Following the release of 92,000 war log files, Liz Cheney is calling for WikiLeaks to be shut down and says that the founder has "blood on his hands."
"I would point out that although you've got the news about the WikiLeaks documents that that came out this week and clearly Julian Assange's effort was to change course for the US policy in Afghanistan," Cheney told Fox News' Chris Wallace Sunday.
"He was unsuccessful in that. He does clearly have blood on his hands potentially for the people whose names were in those documents who helped the US and I think that's something he will have to live with now," she continued.
"I would really like to see President Obama to move to ask the government of Iceland to shut that website down. I would like to see him move to shut it down ourselves if Iceland won't do it. I would like to see them move aggressively to prosecute Mr. Assange and certainly ensure that he never again gets a visa to enter the United States," said Cheney.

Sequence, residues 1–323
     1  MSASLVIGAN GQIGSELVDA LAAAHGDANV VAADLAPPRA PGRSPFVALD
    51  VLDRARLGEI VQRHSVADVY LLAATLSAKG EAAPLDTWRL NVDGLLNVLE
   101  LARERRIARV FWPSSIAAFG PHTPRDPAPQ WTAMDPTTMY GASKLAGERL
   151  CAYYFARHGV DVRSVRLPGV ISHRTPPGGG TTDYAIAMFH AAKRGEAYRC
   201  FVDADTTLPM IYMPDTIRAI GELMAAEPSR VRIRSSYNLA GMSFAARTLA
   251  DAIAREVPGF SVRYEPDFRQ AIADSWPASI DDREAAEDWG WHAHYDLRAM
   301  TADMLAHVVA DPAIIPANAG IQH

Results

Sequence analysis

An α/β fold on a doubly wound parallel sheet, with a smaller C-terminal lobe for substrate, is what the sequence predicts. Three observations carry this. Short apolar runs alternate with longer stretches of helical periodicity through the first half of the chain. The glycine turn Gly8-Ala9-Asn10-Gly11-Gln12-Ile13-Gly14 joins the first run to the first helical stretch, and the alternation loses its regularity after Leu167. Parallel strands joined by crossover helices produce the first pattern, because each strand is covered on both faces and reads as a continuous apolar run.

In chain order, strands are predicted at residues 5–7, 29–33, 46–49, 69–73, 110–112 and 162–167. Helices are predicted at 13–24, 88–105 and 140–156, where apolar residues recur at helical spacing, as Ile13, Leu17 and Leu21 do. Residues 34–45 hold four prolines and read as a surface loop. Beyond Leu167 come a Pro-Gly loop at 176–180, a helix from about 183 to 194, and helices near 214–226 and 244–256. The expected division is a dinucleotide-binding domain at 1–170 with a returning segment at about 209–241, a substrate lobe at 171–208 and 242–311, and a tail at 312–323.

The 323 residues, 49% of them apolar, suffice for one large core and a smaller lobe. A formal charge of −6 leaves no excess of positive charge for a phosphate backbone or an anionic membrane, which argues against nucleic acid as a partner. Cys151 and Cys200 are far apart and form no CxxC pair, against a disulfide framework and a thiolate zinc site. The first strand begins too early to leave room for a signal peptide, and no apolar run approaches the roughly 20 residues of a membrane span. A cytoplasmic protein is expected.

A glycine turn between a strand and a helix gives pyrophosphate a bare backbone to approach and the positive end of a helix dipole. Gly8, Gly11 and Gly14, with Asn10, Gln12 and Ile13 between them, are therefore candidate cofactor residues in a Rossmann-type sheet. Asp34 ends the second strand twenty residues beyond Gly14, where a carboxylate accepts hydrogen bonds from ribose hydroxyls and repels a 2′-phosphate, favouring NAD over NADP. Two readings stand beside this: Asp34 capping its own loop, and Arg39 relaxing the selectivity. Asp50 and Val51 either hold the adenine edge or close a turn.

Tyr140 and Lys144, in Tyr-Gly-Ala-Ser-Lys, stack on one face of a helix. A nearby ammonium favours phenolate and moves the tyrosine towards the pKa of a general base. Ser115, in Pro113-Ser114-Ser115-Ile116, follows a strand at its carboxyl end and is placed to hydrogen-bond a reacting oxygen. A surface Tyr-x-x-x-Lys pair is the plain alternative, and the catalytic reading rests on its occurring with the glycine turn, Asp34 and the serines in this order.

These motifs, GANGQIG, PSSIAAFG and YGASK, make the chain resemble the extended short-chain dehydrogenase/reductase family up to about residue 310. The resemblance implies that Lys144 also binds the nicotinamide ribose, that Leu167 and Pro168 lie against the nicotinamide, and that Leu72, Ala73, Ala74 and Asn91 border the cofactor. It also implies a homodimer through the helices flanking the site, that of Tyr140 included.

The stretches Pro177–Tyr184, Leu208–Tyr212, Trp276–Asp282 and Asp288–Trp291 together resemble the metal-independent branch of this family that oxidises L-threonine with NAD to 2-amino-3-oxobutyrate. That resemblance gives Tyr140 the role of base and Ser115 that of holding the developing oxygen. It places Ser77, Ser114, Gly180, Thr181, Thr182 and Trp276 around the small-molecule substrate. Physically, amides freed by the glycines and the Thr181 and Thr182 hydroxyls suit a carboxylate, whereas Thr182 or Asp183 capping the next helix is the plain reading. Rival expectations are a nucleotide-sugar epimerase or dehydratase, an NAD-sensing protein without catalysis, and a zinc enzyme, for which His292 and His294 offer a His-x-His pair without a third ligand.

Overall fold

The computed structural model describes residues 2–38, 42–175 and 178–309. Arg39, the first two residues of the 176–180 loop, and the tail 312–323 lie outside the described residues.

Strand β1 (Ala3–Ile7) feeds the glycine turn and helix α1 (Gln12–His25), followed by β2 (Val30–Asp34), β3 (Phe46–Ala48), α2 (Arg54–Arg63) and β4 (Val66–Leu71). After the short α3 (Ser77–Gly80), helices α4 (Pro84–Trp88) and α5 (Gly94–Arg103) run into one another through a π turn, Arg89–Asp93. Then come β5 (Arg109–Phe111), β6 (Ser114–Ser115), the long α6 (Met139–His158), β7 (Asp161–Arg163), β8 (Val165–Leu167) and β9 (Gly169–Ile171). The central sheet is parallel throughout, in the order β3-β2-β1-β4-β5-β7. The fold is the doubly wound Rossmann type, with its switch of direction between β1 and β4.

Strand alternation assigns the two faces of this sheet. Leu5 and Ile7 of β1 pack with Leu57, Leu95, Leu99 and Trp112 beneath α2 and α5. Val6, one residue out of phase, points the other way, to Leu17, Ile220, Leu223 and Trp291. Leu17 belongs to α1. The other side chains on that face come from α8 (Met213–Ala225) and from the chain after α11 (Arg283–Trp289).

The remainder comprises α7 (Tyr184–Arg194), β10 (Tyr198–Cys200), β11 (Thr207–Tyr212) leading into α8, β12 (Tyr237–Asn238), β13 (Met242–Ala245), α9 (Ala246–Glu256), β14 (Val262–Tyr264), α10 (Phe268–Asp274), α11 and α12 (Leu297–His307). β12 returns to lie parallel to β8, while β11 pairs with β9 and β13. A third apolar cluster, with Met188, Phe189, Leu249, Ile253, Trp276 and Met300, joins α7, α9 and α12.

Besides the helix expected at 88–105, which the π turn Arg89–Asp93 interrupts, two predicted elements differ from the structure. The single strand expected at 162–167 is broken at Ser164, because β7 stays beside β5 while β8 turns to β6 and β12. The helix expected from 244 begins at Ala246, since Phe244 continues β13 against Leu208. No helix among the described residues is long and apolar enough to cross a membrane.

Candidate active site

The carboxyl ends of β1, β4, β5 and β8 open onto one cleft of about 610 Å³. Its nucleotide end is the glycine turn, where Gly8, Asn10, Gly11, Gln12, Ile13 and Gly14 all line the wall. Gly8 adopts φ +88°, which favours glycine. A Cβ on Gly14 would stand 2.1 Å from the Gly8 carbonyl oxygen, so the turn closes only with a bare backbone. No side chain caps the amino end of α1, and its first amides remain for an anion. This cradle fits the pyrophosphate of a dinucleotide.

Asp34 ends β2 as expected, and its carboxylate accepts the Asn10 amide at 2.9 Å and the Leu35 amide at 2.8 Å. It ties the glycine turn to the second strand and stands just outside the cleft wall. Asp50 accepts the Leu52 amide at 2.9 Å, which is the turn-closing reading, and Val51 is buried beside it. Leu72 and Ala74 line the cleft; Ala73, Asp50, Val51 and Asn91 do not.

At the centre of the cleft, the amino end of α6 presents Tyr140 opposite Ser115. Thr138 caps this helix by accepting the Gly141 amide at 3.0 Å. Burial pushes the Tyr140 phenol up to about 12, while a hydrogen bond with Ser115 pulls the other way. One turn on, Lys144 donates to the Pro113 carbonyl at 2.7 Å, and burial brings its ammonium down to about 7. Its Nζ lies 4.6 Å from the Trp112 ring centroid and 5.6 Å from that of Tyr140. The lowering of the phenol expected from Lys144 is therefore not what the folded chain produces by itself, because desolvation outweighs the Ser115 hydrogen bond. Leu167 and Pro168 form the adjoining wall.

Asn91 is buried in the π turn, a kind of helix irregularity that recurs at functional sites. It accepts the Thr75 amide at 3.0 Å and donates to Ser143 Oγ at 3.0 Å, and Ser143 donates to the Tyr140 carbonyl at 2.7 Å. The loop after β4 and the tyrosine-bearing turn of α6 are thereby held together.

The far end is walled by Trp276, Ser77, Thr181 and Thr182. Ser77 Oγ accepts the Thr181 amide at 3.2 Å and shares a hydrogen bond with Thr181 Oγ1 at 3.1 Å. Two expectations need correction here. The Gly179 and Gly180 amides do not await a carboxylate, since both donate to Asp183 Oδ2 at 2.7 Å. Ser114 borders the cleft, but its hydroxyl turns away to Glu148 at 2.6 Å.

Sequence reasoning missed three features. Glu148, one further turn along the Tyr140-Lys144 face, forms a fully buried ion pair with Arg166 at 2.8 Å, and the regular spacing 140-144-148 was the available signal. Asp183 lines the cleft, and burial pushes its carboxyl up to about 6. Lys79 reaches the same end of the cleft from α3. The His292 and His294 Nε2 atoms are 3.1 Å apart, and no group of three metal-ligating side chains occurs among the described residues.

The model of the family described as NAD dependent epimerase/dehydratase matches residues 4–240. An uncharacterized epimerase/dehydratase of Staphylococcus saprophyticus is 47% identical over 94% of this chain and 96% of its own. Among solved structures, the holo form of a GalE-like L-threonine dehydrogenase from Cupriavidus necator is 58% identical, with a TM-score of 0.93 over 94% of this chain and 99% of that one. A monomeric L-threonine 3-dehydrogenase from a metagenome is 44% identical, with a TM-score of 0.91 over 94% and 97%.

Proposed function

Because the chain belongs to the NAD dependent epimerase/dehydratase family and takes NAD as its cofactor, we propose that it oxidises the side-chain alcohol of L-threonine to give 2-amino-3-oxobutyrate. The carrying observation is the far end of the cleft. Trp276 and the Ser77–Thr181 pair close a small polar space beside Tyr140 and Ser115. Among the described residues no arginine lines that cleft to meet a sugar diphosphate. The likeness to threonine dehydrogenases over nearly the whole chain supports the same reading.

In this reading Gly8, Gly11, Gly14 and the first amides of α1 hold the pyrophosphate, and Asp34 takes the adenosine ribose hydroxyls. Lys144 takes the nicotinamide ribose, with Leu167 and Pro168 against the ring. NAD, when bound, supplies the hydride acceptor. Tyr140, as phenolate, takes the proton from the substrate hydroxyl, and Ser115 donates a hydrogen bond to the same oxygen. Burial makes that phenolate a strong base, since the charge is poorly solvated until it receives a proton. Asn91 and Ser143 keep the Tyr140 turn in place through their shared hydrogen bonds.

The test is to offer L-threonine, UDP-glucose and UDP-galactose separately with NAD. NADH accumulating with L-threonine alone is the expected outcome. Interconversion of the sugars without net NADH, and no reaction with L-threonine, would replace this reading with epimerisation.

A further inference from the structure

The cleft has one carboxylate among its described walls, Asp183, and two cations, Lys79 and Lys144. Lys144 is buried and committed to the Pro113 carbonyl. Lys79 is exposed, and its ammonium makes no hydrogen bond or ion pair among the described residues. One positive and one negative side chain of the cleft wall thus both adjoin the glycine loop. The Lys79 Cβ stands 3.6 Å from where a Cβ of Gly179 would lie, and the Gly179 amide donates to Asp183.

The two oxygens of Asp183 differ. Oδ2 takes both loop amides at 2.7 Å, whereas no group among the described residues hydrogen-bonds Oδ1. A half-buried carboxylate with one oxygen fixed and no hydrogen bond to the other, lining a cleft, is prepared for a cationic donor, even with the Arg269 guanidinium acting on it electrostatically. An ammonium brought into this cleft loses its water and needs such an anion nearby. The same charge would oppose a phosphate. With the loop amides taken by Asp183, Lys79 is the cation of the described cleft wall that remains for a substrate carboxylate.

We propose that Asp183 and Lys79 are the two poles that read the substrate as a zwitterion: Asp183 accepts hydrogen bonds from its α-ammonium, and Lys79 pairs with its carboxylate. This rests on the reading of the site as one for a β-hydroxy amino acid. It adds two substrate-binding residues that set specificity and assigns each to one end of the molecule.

"What he's done is very clearly aiding and abetting al Qaeda. And as I said, he may very well be responsible for the deaths of American soldiers Afghanistan," she concluded.
Meanwhile, Defense Secretary Robert Gates told ABC's This Week that he's "appalled" and "mortified" at Wikileaks' release of the Afghan war documents, and the Web site is at least "morally" guilty in the matter.
"There are two areas of culpability. One is legal culpability. And that's up to the Justice Department and others. That's not my arena. But there's also a moral culpability. And that's where I think the verdict is guilty on WikiLeaks," Gates said. "They have put this out without any regard whatsoever for the consequences."
Gates also warned that next year's planned drawdown of troops from Afghanistan would be minimal.
With the anticipated troop drawdown less than a year away, Gates re-emphasized that "we are not leaving Afghanistan in July of 2011" and that "the pace will depend on conditions on the ground."
He corroborated a recent assessment made by Vice President Joe Biden -- and contrary to the hopes of House Speaker Nancy Pelosi (D-Calif.) -- that the drawdown would be "as few as a couple thousand troops."
"Drawdowns early on will be of fairly limited numbers," he said.
This video is from Fox's Fox News Sunday, broadcast Aug. 1, 2010.